[Editorial] The link between cancer and obesity

The Lancet - Sa, 14/10/2017 - 00:00
The US Centers for Disease Control and Prevention released a new report on cancer and obesity last week, highlighting that cancers associated with overweight and obesity, including thyroid, liver, kidney, and ovarian cancer, constitute 40% of cancers diagnosed in the USA, with over 630 000 diagnoses in 2014 alone. The study looked at data from the United States Cancer Statistics for 2005-2014. Disparities between sexes in the rates of cancers associated with obesity are especially stark, with 55% of all cancers diagnosed in women being associated with overweight and obesity, compared with only 24% of cancers in men.

[Comment] Towards a smoke-free world? Philip Morris International's new Foundation is not credible

The Lancet - Sa, 14/10/2017 - 00:00
Smoking causes more than 7 million deaths each year1 and tobacco companies have known, since at least 1950, that their products are lethal and addictive. Now Philip Morris International (PMI) is committing nearly US$1 billion over 12 years to the Philip Morris Foundation for a Smoke-Free World that will “fund scientific research designed to eliminate the use of smoked tobacco around the globe”.2 In a Lancet Viewpoint in this issue, the Foundation's President Derek Yach argues it will support “an unswerving focus…to improve public health and human wellbeing”.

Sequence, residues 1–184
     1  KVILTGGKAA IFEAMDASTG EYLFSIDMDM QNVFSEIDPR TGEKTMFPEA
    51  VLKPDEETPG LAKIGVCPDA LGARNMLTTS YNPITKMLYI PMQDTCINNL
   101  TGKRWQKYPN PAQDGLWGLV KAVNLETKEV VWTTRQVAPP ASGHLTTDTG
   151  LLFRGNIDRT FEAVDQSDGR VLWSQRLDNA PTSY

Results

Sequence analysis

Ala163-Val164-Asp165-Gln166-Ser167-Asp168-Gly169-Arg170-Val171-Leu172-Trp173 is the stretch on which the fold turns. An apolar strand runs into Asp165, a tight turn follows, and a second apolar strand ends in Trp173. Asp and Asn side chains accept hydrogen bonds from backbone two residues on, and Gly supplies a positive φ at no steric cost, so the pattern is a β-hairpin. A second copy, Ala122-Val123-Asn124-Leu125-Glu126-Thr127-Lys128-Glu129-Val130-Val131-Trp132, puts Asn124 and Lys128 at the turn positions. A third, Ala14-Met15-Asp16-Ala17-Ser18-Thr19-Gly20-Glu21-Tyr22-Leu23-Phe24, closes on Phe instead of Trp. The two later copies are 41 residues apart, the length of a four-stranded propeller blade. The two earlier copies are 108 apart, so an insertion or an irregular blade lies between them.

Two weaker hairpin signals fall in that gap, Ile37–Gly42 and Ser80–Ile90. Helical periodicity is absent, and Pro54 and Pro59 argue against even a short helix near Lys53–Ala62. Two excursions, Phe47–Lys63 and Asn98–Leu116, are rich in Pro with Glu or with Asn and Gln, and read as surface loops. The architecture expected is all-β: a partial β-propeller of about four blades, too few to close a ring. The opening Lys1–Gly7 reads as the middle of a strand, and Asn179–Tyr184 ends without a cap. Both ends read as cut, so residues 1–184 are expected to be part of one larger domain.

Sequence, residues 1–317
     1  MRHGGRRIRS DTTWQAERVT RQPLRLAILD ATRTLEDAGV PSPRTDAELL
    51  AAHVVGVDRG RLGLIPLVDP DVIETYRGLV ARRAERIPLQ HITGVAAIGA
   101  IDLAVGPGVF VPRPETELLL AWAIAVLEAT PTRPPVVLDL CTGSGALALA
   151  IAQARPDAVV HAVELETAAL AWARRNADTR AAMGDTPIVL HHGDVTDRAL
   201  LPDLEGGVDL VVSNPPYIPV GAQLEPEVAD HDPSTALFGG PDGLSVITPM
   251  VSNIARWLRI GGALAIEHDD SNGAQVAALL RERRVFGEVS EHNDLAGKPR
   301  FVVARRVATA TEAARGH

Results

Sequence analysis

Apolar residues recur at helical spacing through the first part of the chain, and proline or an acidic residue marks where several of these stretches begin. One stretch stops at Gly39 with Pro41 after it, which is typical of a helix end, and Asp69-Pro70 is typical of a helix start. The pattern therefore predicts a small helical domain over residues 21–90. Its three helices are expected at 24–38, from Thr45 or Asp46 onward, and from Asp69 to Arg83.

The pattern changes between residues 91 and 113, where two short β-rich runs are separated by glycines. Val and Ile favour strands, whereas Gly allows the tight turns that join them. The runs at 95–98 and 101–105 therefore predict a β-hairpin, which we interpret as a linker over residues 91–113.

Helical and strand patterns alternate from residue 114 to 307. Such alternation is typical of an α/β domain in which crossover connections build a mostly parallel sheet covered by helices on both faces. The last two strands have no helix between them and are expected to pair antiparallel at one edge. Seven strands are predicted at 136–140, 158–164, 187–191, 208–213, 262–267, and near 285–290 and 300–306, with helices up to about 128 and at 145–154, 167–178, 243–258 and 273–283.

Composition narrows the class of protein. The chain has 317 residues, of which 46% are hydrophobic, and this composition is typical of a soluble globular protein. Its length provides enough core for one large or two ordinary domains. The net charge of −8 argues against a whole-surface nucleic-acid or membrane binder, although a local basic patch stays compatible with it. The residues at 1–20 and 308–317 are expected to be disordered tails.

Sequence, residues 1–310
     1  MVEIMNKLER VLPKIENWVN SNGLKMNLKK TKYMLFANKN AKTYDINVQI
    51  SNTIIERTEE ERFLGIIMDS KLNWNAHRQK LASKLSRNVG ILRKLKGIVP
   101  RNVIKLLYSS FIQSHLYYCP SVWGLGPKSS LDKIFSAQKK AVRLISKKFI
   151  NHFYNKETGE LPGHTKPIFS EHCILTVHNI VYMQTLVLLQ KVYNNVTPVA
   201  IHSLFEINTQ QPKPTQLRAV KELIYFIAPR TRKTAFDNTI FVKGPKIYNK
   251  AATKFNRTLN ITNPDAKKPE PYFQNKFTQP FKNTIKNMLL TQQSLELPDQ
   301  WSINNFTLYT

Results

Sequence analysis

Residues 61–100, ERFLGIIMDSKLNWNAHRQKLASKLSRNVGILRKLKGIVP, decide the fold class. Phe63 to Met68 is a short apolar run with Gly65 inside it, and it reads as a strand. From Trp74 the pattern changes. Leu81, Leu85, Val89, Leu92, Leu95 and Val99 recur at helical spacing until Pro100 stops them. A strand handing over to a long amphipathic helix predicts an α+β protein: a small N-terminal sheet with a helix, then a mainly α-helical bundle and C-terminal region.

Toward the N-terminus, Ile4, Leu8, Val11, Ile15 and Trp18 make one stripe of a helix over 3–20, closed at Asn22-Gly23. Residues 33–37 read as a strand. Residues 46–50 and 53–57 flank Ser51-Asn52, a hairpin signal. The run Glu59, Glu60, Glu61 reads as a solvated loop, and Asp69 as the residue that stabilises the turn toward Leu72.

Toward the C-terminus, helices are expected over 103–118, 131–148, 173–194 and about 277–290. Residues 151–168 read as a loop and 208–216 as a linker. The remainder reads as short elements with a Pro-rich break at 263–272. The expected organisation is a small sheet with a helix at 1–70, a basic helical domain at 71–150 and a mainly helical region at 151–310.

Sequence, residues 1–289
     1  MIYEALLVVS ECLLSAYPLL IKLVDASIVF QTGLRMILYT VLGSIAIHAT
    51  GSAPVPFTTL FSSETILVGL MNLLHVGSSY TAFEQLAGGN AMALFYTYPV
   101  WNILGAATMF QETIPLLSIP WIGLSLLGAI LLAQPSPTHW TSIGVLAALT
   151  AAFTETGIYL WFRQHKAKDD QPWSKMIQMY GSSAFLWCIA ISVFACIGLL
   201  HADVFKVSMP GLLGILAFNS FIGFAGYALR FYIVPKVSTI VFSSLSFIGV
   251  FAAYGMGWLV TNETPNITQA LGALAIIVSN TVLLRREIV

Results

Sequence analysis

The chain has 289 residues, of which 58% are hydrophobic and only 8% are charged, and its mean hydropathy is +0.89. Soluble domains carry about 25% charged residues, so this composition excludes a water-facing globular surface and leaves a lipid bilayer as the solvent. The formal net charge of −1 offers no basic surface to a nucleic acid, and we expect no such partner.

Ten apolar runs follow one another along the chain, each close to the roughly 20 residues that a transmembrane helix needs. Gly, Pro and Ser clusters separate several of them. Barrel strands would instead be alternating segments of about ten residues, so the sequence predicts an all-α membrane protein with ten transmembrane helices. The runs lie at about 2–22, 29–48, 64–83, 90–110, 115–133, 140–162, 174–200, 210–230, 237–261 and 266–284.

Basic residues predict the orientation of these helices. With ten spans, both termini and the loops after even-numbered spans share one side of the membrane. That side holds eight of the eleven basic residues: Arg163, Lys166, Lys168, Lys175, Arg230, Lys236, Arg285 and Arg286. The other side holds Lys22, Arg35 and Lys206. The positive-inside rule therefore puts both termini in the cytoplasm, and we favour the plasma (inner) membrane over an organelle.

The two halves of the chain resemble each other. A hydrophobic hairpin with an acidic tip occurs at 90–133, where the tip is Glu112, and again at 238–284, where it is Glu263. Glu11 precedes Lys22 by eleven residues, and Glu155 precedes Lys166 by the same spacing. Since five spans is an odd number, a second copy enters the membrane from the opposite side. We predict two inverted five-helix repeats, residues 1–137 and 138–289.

[Comment] Catastrophic medical insurance in China

The Lancet - Sa, 14/10/2017 - 00:00
China's medical insurance system has changed dramatically in the past two decades. The country's most established programme, the Urban Employee Basic Medical Insurance, dates back to the mid-1990s and initially covered only 109 million employees of state-owned and collective enterprises.1 In the early 2000s, the Chinese Government established two additional insurance programmes, the New Cooperative Medical Scheme (NCMS) for rural residents and the Urban Resident Medical Insurance (URMI) programme for self-employed and unemployed urban residents.

[Comment] Offline: Jim Kim finds his voice

The Lancet - Sa, 14/10/2017 - 00:00